No one wants to deal with hearing loss – either with themselves or with their loved ones – but how common is hearing loss really? How likely is it that you will have someone in your life who is deaf or hard of hearing?
Hearing loss is actually more common than many people realize. In the United States and Canada, millions of people live with hearing loss, ranging from mild to severe. Because mild hearing loss in particular often goes undiagnosed, official numbers do vary, but the statistics available are still sobering.
Research by John Hopkins estimates that approximately a fifth of all Americans 12 years or older have hearing loss in at least one ear. Additionally, 25 percent of Americans aged 65 to 74 and 50 percent of those 75 and older have “disabling hearing loss”.
In Canada, the Canadian Hearing Society reports a quarter of all adult Canadians have some hearing loss. As expected, the percentage rises with age, and 46% of Canadians aged 45 to 87 have some hearing loss.
Hearing Loss in Children
Hearing loss isn’t just a problem the elderly face. While older adults are more likely to have hearing loss, children suffer too.
Worldwide, 34 million children have disabling hearing loss. In the United States, 2 or 3 out of every 1000 children are born with hearing loss. In Canada, that number jumps to 6 out of every 1000 children. Canada and the United States both have hearing screening tests as standard practice to all babies born in hospitals.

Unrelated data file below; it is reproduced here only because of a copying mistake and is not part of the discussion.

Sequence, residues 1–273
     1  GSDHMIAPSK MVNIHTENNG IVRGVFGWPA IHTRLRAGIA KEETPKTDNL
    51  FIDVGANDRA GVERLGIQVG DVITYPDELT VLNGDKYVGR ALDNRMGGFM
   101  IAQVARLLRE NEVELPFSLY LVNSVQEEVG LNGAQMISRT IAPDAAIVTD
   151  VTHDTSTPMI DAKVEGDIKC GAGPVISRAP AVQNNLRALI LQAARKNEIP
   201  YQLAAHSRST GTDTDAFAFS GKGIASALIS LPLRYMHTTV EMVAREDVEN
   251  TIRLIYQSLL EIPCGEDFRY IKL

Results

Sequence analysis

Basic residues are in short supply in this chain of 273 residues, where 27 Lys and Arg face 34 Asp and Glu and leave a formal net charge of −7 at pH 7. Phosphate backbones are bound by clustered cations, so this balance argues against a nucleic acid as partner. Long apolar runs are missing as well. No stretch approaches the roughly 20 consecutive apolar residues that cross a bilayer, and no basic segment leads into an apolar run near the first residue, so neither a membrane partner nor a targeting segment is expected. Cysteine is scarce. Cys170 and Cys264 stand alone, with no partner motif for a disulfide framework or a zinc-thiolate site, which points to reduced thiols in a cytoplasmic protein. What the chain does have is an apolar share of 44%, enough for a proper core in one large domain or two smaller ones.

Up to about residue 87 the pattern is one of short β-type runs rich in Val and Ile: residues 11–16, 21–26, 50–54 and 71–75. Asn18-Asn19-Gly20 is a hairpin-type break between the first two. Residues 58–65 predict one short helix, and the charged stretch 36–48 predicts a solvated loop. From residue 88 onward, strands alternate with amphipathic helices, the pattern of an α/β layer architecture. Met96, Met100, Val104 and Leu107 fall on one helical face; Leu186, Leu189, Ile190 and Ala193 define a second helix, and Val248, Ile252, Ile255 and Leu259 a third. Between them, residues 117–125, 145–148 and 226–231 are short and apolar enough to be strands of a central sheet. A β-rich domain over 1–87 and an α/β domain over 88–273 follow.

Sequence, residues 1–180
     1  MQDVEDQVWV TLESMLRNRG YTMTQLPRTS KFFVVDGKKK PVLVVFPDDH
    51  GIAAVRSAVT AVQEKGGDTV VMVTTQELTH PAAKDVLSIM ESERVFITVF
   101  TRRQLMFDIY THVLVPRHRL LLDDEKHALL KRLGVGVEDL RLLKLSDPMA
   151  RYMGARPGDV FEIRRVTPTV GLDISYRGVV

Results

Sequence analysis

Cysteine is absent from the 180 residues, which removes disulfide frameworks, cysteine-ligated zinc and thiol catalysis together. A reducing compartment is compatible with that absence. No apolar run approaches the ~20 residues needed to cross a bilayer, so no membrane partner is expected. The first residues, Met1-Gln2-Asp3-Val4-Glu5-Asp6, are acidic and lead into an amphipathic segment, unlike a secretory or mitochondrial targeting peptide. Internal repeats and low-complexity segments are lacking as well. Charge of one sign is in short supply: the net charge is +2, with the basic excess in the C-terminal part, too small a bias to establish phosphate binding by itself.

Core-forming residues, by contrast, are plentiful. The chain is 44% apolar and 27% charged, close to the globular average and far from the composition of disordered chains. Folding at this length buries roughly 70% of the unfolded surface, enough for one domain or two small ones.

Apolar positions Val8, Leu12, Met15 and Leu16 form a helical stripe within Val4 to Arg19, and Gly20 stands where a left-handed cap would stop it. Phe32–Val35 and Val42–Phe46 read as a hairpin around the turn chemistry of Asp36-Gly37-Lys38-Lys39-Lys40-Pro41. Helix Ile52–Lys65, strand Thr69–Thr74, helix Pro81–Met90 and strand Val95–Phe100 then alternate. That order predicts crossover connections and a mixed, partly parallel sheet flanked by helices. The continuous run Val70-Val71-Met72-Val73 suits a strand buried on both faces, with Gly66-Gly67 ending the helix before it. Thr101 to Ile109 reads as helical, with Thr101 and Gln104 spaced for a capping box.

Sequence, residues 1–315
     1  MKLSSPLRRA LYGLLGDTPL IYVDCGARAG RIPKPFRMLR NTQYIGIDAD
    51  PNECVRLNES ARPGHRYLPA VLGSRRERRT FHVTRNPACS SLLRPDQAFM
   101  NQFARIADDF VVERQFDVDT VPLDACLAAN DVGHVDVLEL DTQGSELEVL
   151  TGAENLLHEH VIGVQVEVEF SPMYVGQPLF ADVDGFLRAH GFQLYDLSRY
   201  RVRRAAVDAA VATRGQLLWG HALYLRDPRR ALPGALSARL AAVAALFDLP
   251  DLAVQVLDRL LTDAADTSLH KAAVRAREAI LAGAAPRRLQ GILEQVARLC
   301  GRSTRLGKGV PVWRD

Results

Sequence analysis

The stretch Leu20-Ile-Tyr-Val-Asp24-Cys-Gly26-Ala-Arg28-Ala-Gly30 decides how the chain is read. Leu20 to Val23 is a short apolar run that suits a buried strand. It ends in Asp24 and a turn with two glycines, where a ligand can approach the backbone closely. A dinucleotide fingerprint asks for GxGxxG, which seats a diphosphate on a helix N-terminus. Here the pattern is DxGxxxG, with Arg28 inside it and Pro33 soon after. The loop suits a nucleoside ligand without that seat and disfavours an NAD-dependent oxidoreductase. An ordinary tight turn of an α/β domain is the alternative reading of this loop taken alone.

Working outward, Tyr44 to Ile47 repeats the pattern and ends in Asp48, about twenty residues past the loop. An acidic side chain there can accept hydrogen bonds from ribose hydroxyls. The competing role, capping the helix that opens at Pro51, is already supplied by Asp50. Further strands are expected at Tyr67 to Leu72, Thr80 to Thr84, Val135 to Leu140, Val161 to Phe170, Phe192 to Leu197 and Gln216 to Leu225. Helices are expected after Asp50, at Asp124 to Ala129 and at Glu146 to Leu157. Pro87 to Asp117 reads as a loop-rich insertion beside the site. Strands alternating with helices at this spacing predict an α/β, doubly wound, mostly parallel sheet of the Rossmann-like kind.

Some children are born with hearing problems due to genetic causes or complications at birth. However, hearing loss can also occur throughout childhood due to certain infectious diseases, chronic ear infections, noise exposure, or physical trauma. 60% of childhood hearing loss is preventable. Getting infections treated quickly and appropriately and using hearing protection can help protect our children’s hearing.
Dealing with Hearing Loss
Clearly, it is likely that we will experience hearing loss either ourselves or in friends or family members. How can we best handle these hearing difficulties?
If you are personally struggling with hearing loss, go see an audiologist. Even mild hearing loss can impact your emotional and physical health.
If you believe someone you know has hearing loss that they are not treating, encourage them to see an audiologist as well. Too often, our loved ones, especially the elderly, resist hearing help. Whether because of cost or embarrassment, only a small percent of those with hearing difficulties actually seek help. But hearing aids can greatly improve their quality of life and further protect their health.
Contact an audiologist today to have your hearing evaluated and treated.
About Dr Zhanneta Shapiro
Dr Zhanneta Shapiro received her Masters of Science from Brooklyn College in 2005 and completed her Doctorate of Audiology from Florida University in May 2008. Her graduate training was in various hospitals in the tri-state area and a residency period completed at Ear Nose and Throat Associates of New York. [ Learn More ]